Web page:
Coaches rarely quit cold turkey never to return. When they leave, they are often forced out by age, health, or job performance. Coaching is more than their livelihood, it’s their identity. Maybe they’ll take a break, but more often than not they are back on the sidelines. The lure is too great.

Sean Payton and Jason Garrett are each on a coaching hiatus and have landed cushy television gigs. Payton reportedly will spend this fall season working for Fox as an NFL studio analyst. Garrett will join NBC as an analyst for Football Night in America.

These are high-profile jobs that many would love to have. Their hirings, however, prompt questions. Are Payton and Garrett going to take their new positions seriously? Are they simply biding their time until their next coaching jobs? And perhaps most important: can viewers trust their opinions?

Most expect Payton to be coaching in 2023. Garrett may never be a head coach again, but he could land somewhere as an offensive assistant. TV networks are seemingly OK with the potential conflicts of interest. They’re in the sports entertainment business and Payton and Garrett are opinion-givers, not news breakers. But should audiences trust their opinions?

People tend to act differently when they are looking for their next job.

To be an effective analyst, there should be at least the illusion of objectivity. That a pundit will look at a situation, evaluate it, and give an honest assessment. Maybe Payton and Garrett will indeed do that but most of what they will say will be heard through a certain filter. Most people will assume they have an agenda.

Sure, ex-players turned analysts can have similar challenges and biases. However, usually, once they retire to join TV, they stay retired. The money is great, and the work isn’t physically demanding. Jason Witten was an anomaly.

Audiences might suspect Tony Romo of saying certain things because he was a Dallas Cowboys quarterback, but nobody thinks the 42-year-old is going to leave the booth to get behind center again. Coaches always have that option. Dick Vermeil famously quit TV to return to coaching after a 15-year hiatus to coach the St. Louis Rams to a Super Bowl victory. Jon Gruden, after almost a decade of rumors attaching him to college and pro jobs, left ESPN to come back to the Raiders.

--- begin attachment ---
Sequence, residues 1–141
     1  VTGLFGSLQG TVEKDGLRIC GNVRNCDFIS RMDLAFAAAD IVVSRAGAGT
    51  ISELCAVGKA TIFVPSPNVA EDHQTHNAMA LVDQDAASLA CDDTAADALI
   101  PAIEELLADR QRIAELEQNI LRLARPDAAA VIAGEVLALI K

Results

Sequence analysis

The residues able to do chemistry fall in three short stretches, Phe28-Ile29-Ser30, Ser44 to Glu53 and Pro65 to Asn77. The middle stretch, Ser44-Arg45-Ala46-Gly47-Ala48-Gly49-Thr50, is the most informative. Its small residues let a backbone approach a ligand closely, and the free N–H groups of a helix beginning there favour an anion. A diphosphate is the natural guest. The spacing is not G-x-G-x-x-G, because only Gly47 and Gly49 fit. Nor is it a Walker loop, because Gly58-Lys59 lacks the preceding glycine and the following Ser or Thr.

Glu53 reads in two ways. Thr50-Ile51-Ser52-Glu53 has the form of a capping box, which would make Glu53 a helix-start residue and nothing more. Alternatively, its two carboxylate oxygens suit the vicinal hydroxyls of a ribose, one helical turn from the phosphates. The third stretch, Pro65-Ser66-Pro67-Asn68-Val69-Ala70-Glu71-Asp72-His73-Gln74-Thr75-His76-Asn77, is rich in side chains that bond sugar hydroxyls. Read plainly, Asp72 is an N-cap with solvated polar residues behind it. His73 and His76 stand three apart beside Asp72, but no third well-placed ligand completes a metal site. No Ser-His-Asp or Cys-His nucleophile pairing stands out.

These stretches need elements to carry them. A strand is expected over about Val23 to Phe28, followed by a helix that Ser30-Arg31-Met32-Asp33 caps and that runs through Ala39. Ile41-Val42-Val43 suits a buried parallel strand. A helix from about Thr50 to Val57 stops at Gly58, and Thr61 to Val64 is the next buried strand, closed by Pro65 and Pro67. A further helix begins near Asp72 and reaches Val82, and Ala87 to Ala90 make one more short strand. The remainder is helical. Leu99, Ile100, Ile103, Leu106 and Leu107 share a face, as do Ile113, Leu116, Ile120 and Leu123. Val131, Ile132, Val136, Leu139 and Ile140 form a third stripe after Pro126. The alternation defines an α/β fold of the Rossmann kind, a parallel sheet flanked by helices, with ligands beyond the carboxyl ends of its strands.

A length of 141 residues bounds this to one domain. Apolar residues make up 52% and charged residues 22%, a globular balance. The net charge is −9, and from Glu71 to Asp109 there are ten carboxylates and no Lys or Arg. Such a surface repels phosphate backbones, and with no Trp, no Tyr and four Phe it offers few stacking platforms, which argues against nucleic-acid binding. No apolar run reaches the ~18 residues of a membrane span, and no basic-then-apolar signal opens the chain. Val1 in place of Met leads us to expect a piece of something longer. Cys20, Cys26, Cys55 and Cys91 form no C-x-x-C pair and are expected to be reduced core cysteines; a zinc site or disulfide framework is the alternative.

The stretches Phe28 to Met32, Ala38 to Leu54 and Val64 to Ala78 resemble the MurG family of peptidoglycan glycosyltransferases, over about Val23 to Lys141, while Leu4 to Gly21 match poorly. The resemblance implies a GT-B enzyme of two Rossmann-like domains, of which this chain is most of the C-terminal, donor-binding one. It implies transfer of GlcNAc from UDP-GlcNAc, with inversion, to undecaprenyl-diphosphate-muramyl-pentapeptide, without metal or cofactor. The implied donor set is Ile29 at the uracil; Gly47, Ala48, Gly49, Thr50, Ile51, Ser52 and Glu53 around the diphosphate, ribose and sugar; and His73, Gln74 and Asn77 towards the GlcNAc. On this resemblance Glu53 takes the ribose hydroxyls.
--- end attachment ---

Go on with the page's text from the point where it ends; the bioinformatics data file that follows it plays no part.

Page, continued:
Payton and Garrett might have good reasons for using TV as a pit stop. It’s a way to stay involved in the game while keeping their options open. They understand the value of staying relevant by using a powerful visual medium.

TV has a way of polishing and enhancing your appeal. When you’re an out-of-work coach, there are few better ways to present yourself to future employers than routinely appearing in front of millions. NFL owners get seduced by that. Payton and Garrett will only seem more desirable after the 2022 season.

Payton will be the most sought-after available coach next year. He led the New Orleans Saints to a Super Bowl in 2009 and surprised everyone by resigning in January. There was a report that the Miami Dolphins were poised to hire Payton with a $100 million contract. That deal was reportedly thwarted when former Miami coach Brian Flores filed a discrimination lawsuit against the team.

Payton first rose to prominence when he was the Dallas Cowboys offensive coordinator (2003-05) under Bill Parcells. He parlayed that job into becoming the Saints coach. Given his history with Dallas, you have to figure that Cowboys owner Jerry Jones would be more than willing to fire Mike McCarthy and replace him with Payton.

Most viewers know that, and any opinions Payton has about the Cowboys have to be taken with a grain of salt.

That brings us to another former Dallas employee. Garrett was a longtime head coach there until he was fired in 2019. He was hired by the New York Giants to be their offensive coordinator in 2020, but was let go this past November. Garrett was the fall guy for an offense that was hurt by injuries, and he might be desperate to redeem himself. After a year doing TV, he could be a valuable member of someone’s staff.

Garrett was notoriously boring as a coach. It’s hard to believe he will be insightful as an analyst, especially one who might be looking for his next NFL job.

When you’re watching this fall, it’s perfectly understandable to be wary of what Payton and Garrett are saying. They’ve earned your skepticism. 

About Michael Grant

Born in Jamaica. Grew up in New York City. Lives in Louisville, Ky. Sports writer. Not related to Ulysses S. Grant.